Britain will abolish tariffs on many American products previously introduced by the European Union from 1 January. To pave the way for a trade agreement with the United States after Brexit.
“We want to ease the dispute and agree on a solution so that we can deepen our trade relations with the United States and draw a thick line,” said British International Trade Secretary Liz Truss.
In November, the European Union introduced up to 25 percent tariffs on US products worth four billion dollars in retaliation for illegal subsidies. Washington granted to the American aircraft manufacturer Boeing, a competitor of European Airbus. The transitional period expires on 1 January, when Britain still had to abide by EU rules after the referendum in which it decided to leave the European Union.
Customs duties on the European Union have been approved by the World Trade Organization (WTO). The United States has previously imposed tariffs on European products due to unauthorized incentives received by Airbus. These duties affected, among other things, Scotch whiskey, whose exports to the United States then fell by 30 percent.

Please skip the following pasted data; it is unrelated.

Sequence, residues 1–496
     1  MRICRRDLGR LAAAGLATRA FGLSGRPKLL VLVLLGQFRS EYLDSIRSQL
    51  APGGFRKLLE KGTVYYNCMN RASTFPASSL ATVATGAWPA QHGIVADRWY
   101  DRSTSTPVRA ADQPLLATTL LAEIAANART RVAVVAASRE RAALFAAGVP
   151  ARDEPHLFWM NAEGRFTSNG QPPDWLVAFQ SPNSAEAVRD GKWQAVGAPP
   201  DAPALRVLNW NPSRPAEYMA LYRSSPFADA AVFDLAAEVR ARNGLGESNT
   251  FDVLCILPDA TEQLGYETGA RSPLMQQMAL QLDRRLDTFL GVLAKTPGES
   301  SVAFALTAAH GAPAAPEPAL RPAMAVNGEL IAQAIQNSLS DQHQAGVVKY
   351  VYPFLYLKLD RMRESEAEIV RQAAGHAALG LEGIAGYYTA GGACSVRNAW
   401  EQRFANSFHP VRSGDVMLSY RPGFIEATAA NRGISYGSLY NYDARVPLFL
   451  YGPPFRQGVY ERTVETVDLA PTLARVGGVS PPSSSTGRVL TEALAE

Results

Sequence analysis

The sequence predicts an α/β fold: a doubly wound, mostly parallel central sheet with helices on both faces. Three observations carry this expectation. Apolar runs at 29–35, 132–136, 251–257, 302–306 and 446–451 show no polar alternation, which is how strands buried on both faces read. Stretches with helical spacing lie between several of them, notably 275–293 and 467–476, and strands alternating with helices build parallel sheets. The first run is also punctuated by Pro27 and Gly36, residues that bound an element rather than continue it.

For Britain, concluding a trade agreement with the United States is crucial. Otherwise, their trade would be subject to WTO rules, some of which set very high tariffs.
While the outgoing US President Donald Trump administration was in favor of the early conclusion of the agreement when Britain leaves the bloc, the newly elected President Joe Biden is more reluctant, writes the BBC website. London said it reserves the right to renew tariffs if no progress is made in negotiations with Washington.
Britain has also not yet abolished tariffs imposed by the EU in response to Washington’s tariffs on imports of steel and aluminum. The EU’s tariffs apply to American food, such as ketchup, nuts, rum, game consoles, tractors, and aircraft.